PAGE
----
And what of my patient? In addition to other balance rehabilitation techniques I suggested the Mindfulness for Health course. She openly admitted that she initially thought this was ‘mumbo jumbo!’ but decided to give it a go. Six months on from when I first met her, following huge commitment and determination, and just before her discharge she wrote:

‘(I am) now back living life to the full, still feeling (the) dizzy/catch up sensation, but in a place that I can now cope with my condition…. I now understand why I  feel the way I do, and (have) strategies in place that will help me maintain where I am and hopefully help me reduce my symptoms still further over time’.

This patient was able to return to work full time and went on to win a golf tournament after a prolonged period of not playing due to her symptoms. She still experiences dizziness, but continues with her golf and her mindfulness practise. She was a huge support during my training and practise course and listened to me leading each meditation via skype before I led them on the practise course!

There is very little research on mindfulness for dizziness. So as my patients and I continue with our mindfulness practise I am keen to raise awareness of the potential benefits of mindfulness in this patient population, and learn how to better support them in developing a practise. Please do contact me if you are a dizzy patient who has used mindfulness, a clinician who uses these techniques with your patients or are interested in collaborating in research.

Debbie Cane MSc CS Senior Clinical Scientist and Lecturer in Audiology (

See the new page on managing dizziness with mindfulness here!

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A Visit from Argentina

Marcella A., Marcella J., and Miryam (above), are English teachers working at The National University of Santiago del Estero in Argentina. They recently visited Breathworks’ offices in Manchester to take a weeks crash course in Mindfulness and Meditation. They were taught by MJ Stephens (above) and Andrea Cygler, who acted as Breathworks teachers by day, and Manchester tour guides by night. We dropped in hald way through to ask them a few questions about how they were getting on.

  1. What made you pick Breathworks to train with?

Marcella A.: I went on a Vipassana retreat in my country, and somebody gave me a guide to Mindfulness institutions. I learnt about Breathworks and there was something that told us: this is it; this is the right place.

  1. What has been your experience of the course so far?

Marcella A.: Beyond our expectations, even though we try not to have expectations!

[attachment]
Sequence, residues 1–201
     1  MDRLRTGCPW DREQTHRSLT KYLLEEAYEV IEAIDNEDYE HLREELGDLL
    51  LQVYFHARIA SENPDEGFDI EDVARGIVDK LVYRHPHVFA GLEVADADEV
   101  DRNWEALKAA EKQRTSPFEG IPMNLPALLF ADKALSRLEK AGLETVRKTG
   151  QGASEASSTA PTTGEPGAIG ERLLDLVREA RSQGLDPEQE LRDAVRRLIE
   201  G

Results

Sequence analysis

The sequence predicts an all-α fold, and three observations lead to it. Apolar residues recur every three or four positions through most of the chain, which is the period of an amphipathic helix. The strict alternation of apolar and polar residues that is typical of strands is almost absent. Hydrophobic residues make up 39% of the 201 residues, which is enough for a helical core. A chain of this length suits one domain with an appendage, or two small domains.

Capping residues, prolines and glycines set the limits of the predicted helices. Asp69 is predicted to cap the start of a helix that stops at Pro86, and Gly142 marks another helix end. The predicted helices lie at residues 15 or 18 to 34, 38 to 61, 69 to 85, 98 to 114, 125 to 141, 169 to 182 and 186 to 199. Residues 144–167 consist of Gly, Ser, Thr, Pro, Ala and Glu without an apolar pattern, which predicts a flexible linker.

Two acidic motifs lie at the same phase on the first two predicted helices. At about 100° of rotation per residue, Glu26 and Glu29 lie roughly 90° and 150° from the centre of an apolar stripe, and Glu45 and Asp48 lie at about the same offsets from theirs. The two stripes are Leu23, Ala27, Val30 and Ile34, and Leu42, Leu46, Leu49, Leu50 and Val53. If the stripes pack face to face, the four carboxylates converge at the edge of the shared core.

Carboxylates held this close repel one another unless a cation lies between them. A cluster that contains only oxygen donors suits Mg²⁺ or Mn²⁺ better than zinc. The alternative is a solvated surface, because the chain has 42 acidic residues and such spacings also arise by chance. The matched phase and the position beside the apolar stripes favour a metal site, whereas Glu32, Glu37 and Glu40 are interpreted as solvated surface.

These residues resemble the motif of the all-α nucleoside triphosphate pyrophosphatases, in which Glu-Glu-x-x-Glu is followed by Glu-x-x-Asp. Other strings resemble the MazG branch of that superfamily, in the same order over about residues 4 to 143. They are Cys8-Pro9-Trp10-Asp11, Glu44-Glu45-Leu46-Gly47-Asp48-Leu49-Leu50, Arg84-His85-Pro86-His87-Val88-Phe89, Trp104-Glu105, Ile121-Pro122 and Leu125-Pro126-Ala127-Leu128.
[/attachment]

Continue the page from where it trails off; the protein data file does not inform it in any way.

Miryam: From the very beginning, we have been very happy

Marcella J.: Everybody we’ve met from Breathworks has been really kind.

Miryam: it’s a very warm atmosphere, a very friendly atmosphere.

Marcella J.: We go through the whole day without looking at the time or wondering when we’ll get to go home!

  1. So what have you covered so far in the course?

Marcella A.: We have been from the very first basic definition of mindfulness, through basic principles, and to the principles in Breathworks; how to relate mindfulness with emotions and our thoughts; we’ve covered a lot of practices: body scan, mindfulness of breathing, mindful movement… today for example we learned how to connect to pleasant sensations and pleasant things in daily life. Yesterday we covered how to deal with difficult things and difficult situations too. And that’s a lot in two and a half days!

  1. What have you found most personally relevant or helpful about the course?

Marcella A.: That it’s very important first of all to learn mindfulness to apply to our daily lives. We can realise that in fact through practice we can change the way we are living. Because we know that we live in a state of being in a hurry, we’re stressed every day, but it’s possible to have choice of changing that. It’s possible to take measures and make decisions about it, and we’ve been given a lot of tools to be able to carry that out.

Tomorrow Andrea is going to give us some tools to apply mindfulness to education, that’s one of our main goals, but we were talking about how of course we first have to learn to apply mindfulness to ourselves.

  1. How are you hoping to apply the training when you get back to Argentina?

Marcella A.: We are planning to share this experience with our colleagues, then we hope to arrange a course for other people or other teachers, even those who may not be involved with the university but who are interested in this philosophy of life. And to practice, obviously!

Miryam: Yes, to apply it in our everyday lives, I think that’s the most important part. And of course to try to apply it to our students. We were talking about this; we realise that our students don’t want to think; it’s very difficult to make them feel curiosity for things, and to convey the importance of investigation. So we think that it’s a way of making them become aware of the possibilities of having choices in their lives; that their decisions are their own.